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Common Standards Monitoring

Common Standards Monitoring was developed to provide an agreed approach to the assessment of condition on statutory sites designated through UK legislation and international agreements.

Common Standards Monitoring Statement

An inter-agency working group comprising JNCC and the four country nature conservation bodies (Natural England, Natural Resources Scotland, Scottish Natural Heritage and the Department of Agriculture, Environment and Rural Affairs, Northern Ireland) produced a revised Common Standards Monitoring Statement in October 2019 (further updated in 2022).  This replaces the original Statement, produced in 1998, and summarises the rationale, need for, and the approach behind Common Standards Monitoring.

The revised Statement aims to address site monitoring priorities and to incorporate the large amount of information available through new monitoring methods such as satellite imagery and eDNA. These techniques will work alongside traditional field-based monitoring and the Common Standards Monitoring guidance to provide more options for monitoring the UK’s protected sites.

Some of the content of the 2004 Introduction to the Guidance Manual is not consistent with the revised Statement, in particular the list of common standards. Where there are inconsistencies, the revised Statement should be applied.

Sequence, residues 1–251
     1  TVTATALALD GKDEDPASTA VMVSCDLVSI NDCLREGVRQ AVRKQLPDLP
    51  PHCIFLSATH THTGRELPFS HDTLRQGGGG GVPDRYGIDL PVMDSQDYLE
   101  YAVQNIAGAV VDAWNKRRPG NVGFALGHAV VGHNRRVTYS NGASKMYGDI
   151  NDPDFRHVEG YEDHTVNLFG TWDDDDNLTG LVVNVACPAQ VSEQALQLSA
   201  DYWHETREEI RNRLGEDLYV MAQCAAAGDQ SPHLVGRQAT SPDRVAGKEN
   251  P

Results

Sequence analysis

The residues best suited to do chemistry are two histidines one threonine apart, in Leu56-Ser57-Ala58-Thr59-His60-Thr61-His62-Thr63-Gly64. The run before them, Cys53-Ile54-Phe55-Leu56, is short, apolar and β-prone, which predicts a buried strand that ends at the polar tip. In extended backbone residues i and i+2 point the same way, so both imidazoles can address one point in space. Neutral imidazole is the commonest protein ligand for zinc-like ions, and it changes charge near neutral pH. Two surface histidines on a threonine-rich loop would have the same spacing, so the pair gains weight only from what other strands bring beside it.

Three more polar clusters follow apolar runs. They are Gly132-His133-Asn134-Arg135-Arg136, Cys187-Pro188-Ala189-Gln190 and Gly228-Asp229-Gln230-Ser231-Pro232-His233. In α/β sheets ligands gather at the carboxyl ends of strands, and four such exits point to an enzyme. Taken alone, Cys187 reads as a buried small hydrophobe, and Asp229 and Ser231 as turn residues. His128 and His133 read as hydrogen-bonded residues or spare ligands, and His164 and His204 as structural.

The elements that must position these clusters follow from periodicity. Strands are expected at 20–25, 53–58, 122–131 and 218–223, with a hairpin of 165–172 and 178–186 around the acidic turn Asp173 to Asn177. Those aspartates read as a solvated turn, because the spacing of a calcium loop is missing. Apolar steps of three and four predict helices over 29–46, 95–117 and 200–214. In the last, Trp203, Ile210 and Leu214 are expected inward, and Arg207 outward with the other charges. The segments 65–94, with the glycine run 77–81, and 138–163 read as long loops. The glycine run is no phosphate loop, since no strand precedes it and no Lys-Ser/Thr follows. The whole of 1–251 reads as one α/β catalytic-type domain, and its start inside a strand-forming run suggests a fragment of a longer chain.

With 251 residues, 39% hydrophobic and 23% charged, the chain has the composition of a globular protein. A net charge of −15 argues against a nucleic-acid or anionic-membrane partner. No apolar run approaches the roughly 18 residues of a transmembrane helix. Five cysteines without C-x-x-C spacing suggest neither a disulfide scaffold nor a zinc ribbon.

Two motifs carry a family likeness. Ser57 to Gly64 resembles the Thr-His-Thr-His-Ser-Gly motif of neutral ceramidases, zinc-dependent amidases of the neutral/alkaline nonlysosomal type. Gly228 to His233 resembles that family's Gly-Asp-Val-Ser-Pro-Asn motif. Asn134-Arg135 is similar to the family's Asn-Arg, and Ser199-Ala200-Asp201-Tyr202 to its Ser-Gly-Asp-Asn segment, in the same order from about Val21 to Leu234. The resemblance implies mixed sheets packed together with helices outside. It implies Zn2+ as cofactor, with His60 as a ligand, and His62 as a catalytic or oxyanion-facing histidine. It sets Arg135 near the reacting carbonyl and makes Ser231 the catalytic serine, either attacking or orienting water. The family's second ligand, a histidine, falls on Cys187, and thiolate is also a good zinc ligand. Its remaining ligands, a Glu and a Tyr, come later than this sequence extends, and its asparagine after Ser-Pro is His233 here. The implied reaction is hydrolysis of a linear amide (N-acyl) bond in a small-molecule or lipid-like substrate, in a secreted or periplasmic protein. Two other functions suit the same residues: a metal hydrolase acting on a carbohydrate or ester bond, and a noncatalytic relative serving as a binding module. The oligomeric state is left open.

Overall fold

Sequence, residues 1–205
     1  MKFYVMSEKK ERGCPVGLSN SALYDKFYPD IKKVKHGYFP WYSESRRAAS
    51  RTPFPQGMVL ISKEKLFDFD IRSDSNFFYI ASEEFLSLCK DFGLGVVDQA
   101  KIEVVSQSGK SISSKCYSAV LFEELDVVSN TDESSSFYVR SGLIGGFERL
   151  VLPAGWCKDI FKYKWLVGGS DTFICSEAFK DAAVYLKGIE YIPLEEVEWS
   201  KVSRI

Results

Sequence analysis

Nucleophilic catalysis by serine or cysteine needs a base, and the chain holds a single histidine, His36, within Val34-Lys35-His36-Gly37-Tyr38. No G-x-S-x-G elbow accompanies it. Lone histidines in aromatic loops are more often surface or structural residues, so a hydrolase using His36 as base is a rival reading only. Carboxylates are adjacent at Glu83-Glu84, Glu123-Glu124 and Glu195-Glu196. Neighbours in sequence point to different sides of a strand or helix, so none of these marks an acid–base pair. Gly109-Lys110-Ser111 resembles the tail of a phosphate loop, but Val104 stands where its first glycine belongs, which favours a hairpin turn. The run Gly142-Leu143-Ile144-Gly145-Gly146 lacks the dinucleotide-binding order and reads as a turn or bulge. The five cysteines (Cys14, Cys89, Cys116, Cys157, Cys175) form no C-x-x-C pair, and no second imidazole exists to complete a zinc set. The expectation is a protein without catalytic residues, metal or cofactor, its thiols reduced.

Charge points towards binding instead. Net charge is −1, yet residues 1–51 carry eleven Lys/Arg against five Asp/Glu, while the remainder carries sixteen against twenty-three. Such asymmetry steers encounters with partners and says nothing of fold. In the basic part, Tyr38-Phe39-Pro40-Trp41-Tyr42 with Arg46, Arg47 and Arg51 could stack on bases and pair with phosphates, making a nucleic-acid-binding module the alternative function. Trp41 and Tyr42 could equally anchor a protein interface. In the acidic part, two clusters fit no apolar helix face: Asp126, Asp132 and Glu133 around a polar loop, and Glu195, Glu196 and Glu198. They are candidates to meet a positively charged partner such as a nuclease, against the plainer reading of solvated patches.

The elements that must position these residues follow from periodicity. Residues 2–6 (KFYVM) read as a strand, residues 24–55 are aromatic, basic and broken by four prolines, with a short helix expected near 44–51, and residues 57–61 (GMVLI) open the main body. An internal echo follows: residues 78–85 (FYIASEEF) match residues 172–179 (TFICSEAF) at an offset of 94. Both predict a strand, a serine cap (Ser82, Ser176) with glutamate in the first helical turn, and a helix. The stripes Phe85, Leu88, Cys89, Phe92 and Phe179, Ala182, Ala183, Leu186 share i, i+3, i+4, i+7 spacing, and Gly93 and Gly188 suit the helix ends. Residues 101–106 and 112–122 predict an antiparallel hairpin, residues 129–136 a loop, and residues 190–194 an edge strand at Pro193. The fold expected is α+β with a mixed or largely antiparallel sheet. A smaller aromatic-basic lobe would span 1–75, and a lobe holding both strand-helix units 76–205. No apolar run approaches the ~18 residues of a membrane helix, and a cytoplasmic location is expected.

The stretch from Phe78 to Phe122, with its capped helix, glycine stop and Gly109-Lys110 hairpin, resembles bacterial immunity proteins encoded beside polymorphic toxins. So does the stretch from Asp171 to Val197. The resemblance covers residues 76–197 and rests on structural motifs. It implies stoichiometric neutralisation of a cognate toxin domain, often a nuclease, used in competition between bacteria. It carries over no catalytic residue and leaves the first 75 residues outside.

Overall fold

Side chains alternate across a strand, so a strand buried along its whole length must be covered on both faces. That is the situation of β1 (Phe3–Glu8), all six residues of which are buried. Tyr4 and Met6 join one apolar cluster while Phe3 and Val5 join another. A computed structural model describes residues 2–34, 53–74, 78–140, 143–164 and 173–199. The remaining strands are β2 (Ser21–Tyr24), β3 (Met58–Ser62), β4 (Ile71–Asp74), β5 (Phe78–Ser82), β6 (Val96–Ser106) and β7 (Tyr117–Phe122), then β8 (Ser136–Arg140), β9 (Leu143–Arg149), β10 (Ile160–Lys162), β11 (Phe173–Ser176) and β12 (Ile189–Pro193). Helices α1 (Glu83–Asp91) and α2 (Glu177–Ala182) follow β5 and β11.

What is Common Standards Monitoring?

One of the key responsibilities of the country nature conservation bodies (CNCBs) in the UK is the identification and protection of a series of sites intended to conserve important wildlife and earth science features. Such sites may be designated under:

  • National legislation (Sites of Special Scientific Interest (SSSIs) in Britain and Areas of Special Scientific Interest (ASSIs) in Northern Ireland);
  • European Directives (Special Areas of Conservation (SACs) and Special Protection Areas (SPAs)); or
  • International Conventions (Ramsar sites).

Once sites have been designated, the country nature conservation bodies work with owners, occupiers and others to secure their management and protection.

Common Standards Monitoring is intended to be:

  • A simple, quick, assessment of feature condition;
  • For protected sites (SAC, SPA, Ramsar, SSSI, ASSI);
  • Supported by limited, more detailed monitoring.

'Features' are the species, habitats and geological and geomorphological characteristics for which sites are protected. For example, they might be:

  • seals, butterflies, breeding birds;
  • woodlands, lagoons, heathlands;
  • fossils, landforms.


Common Standards Monitoring Report (2006)

The Common Standards Monitoring Report for designated sites was published in June 2006.


Published: .

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